88 - This beat is fire, right? - Part III-b (detour)

I have no idea who decides which content should be tested at various levels of Japanese.

The “Classic でしょう” we saw initially is JLPT N5 grammar. The “Inward でしょう” we saw yesterday is N3 grammar. Today we’re looking at ことか, which is almost the exact same thing as “Inward でしょう,” except it gets classified as N2 grammar. To top it all off, the “でしょう of Conjecture” that we’ll be looking at tomorrow is N4 grammar.

Who decides this stuff?!

(Note: For those that don’t know, JLPT is the “Japanese Language Proficiency Test,” or 日本語能力試験(にほんご のうりょく しけん)).

Most schools and teachers will more or less teach in the same order that students progress through JLPT levels. To a certain extent, students demand that they do, because they want to see measurable progress.

The logic for organizing JLPT levels is fairly broken. In very general terms, we could say that the JLPT levels are organized according to language frequency.

For example, we’re looking at ことか today, which is primarily used in written language, making it somewhat obscure (from a student’s perspective).

But if JLPT truly prioritized conversational frequency, they wouldn’t completely ignore so many constructions (like, for example, 食べなよ(たべなよ)from Lesson #... uh, I forget... Sorry.

Anyways, I’m digressing, but the point I want to make is: Don’t be intimidated by “grammar levels” in Japanese. They have little correlation with skill levels.

OK. Go time.

~ことか // How... !

You know when something is just so [!!!!!!].

Words can’t even express it.

Yeah, there’s a grammar for that. *_*

For example...

しごと の あと の ビール は なんと おいしい ことか。
Ah, there’s nothing like a beer after a long day of work. // Words cannot express how delicious an after-work beer is.

Literally: “work + の + after + の + beer + は + なんと + delicious + ことか.”

Note: If I wanted to translate this the way most of my grammar books do, it would be “How delicious beer is after work!”

Note #2: We saw なんと yesterday!

Note #3: This photo of me was taken after a particularly long week of work at my English-teaching job in Tokyo, back in Summer 2014.

Before ことか, we always insert something that is of such an unusually high level, we can’t even imagine it.

In other words, it emphasizes the height or power of a feeling, action, or phrase (usually a feeling).

Careful: Like a lot of N2 and N1 grammar, ~ことか is only used in writtenJapanese.

Usually, I would just skip a somewhat obscure grammar point like this one, but it’s so similar to “Inward でしょう,” which we saw yesterday, that not mentioning it seemed like a wasted opportunity.

Also, I just really like the way this ことか sounds at the end of sentences. ^_^

As with でしょう, the noun, verb, or adjective coming before ことか will be in the plain form. So no ます-verbs and no て-form verbs. (Check yesterday’s lessonto see what I mean).

にゅうがくしけん に おちた とき、 わたし は どんなに おちこんだ ことか。
I was so (incredibly) disappointed when I failed the entrance exam.

Literally: “entrance examination + に + fell + time, + I + は + どんなに + depressed / let down + ことか.”

Note: It’s interesting how 落ちる(おちる / “to fall”)can be used for “failing” a test, yeah? Especially when it shows up next to 落ち込む(おちこむ), literally “to fall in,” which, in this case, means “to be depressed; to feel down.”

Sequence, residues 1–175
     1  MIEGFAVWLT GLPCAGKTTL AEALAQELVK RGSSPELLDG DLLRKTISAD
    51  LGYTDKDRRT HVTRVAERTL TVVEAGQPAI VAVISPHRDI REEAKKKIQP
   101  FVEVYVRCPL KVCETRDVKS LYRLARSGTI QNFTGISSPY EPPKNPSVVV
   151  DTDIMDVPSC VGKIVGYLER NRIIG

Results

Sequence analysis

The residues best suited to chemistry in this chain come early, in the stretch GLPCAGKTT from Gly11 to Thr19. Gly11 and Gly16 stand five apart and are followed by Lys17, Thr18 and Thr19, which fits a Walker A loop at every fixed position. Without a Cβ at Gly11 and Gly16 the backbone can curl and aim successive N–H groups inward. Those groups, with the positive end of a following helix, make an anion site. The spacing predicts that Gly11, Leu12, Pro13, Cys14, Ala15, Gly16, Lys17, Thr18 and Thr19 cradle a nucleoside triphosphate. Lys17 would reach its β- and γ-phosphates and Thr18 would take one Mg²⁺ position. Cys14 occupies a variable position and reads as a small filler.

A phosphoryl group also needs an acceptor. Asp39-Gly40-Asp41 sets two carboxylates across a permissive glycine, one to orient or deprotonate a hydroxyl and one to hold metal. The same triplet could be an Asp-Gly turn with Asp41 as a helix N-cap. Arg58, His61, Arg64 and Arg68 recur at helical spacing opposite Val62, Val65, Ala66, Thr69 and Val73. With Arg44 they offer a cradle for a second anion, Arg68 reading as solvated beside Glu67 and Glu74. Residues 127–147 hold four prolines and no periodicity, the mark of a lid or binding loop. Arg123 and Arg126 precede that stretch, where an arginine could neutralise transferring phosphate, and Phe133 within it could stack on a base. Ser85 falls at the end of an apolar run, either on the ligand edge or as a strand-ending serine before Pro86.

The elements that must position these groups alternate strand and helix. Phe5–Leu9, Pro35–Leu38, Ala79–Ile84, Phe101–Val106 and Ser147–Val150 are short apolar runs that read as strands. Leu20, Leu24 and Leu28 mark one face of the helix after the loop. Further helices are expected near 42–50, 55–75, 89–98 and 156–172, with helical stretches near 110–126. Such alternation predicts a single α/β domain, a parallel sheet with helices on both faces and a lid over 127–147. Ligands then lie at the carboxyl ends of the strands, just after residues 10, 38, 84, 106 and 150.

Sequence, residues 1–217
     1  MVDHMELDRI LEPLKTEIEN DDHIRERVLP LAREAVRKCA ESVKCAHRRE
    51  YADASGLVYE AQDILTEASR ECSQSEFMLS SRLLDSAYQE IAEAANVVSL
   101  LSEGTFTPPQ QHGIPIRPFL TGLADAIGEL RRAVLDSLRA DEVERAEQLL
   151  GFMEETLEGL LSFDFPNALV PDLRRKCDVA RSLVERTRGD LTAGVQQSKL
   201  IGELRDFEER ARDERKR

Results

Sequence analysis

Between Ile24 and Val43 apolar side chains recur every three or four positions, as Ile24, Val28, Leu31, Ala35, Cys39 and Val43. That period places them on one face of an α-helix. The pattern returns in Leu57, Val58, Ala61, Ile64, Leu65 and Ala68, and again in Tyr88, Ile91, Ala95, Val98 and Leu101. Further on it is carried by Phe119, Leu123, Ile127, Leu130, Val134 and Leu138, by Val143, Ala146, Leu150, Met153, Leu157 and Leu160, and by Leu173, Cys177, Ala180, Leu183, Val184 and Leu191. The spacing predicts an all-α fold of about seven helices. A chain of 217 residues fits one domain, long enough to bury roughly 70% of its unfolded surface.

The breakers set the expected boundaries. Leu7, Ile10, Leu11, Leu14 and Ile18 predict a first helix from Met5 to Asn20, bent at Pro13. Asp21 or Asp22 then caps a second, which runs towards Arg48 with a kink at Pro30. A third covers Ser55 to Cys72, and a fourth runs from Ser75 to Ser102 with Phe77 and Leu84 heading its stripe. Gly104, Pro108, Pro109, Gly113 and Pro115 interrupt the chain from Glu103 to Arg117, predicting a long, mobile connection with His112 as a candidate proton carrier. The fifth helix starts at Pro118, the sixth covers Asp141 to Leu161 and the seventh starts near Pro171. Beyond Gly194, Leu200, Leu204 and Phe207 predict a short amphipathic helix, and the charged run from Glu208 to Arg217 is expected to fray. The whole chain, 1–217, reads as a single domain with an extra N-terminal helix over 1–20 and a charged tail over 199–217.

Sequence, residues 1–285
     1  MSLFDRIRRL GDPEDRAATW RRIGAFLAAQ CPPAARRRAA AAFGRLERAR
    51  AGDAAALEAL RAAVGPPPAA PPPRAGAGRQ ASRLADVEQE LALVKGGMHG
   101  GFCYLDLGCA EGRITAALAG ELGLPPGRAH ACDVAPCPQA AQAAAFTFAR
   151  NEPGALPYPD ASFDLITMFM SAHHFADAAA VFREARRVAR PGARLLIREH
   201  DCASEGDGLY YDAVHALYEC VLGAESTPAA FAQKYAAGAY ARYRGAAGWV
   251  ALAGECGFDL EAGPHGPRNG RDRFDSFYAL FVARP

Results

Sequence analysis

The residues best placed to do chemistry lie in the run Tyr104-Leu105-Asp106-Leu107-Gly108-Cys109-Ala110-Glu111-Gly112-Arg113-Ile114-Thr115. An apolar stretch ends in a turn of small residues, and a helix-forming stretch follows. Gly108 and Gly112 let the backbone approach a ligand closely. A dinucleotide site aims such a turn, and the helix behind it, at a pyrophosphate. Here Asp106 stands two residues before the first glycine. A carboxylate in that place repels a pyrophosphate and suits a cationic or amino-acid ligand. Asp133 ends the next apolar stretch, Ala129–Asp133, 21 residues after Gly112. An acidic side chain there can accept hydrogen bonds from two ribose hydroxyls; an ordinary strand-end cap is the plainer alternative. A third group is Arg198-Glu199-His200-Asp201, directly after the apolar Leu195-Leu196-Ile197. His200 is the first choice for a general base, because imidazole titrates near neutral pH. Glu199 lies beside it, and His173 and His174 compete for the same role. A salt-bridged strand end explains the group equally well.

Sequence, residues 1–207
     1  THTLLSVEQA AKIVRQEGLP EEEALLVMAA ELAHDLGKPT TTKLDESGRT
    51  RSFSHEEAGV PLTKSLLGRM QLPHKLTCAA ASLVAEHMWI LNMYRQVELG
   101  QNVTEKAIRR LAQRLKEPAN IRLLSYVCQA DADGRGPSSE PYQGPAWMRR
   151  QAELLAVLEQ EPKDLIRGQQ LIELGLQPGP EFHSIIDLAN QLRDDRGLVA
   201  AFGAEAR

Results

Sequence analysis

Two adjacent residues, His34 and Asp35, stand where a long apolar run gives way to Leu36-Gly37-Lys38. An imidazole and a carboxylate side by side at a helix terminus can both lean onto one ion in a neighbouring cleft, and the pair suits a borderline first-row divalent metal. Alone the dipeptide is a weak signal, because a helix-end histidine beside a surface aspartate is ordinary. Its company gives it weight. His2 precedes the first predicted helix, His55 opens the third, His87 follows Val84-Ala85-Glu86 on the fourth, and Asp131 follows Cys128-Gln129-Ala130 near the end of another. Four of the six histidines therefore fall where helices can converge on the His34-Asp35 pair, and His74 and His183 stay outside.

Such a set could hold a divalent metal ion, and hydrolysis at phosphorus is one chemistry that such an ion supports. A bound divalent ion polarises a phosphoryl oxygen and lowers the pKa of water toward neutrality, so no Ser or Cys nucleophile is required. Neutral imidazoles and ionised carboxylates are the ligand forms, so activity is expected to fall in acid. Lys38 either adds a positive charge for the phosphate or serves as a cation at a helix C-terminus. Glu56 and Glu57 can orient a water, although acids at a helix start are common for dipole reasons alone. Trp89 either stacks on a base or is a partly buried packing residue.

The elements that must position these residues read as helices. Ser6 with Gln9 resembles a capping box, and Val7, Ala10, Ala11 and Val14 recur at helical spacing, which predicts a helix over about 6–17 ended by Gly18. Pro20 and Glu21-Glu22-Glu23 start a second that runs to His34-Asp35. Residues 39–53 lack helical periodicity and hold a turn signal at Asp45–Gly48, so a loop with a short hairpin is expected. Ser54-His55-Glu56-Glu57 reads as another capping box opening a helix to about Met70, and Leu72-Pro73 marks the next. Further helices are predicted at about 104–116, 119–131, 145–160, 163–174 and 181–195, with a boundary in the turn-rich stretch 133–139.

Note #2: Although I'm sitting on the floor in this pic, I'm not actually 落ち込んでいる (おちこんでいる). This was our first night at our apartment in Bangkok, back in September 2014. I'm mostly wondering what I'm doing with my life (and a little stressed about how I'm going to work online with my meager teaching and translating jobs at the time).

Here is the simple sentence that ことか is modifying:

わたし は おちこんだ。
I was depressed [sad; disappointed].
Literally: “I + は + was depressed/sad.”

But our fancy sentence adds どんなに and ことか.

どんな means “what kind of."

For example, if a friend says they want to get a different job, you might say:

どんな しごと が いい?
What type of job do you want?
Literally: “what kind of + job/work + が + good?”

どんな is an adjective.

To make it an adverb, we add に, giving us どんなに.

For some reason I can’t explain, this also changes the meaning from “what kind of” (どんな) to “how much” (どんなに).

It seems to show up a lot in stiff, exaggerated expressions of strong feelings... which is why it shows up with ことか a lot!

Specifically, we saw:

わたし は どんなに おちこんだ ことか。
I was so (incredibly) disappointed.
Literally: “I + は + どんなに + was depressed/sad/disappointed + ことか.”
Note: A semi-literal translation might be, “How very depressed I was.”

A word that is very similar to どんなに is どれほど, which I hear more often in Japanese.

We saw どれ back in Lesson #81, where it means “which (of 3 or more things).”

And we very briefly looked at ほど in Lesson #77. The ultra-basic definition is “degree” or “extent.”

Combine these two words to get どれほど, which more or less means the same thing as どんなに, “how much.” Other similar words are どのくらい and どれくらい. Yeah... I’ll probably need to write a full lesson about all of these someday. Don’t worry about it too much for now.

One last example:

かのじょ に あう のを どんなに たのしみ に していた ことか。
How very excited I was to meet with her. // I was so excited to meet with her.
Literally: “she + に + meet + のを + どんなに + was looking forward to + ことか.”


Maybe don’t worry too much about being able to use ことか. But you should be able to understand it, I think. Also, looking at any grammar function will increase your feel for Japanese sentence-building.

Detour Complete!

Tomorrow, we’re looking at the final type of でしょう, which is the “でしょう of Conjecture.”

Bonus Phrase

にほんごのうりょくしけん うけた こと ある?
Have you ever taken the JLPT?

どれほど がんばって も ぜんぜん やせない。
I can't lose weight no matter what I do.

あと どのくらい で つく?
How much longer until we get there?

おかね どれくらい のこってる?
How much money do we [you] have left?

Complete and Continue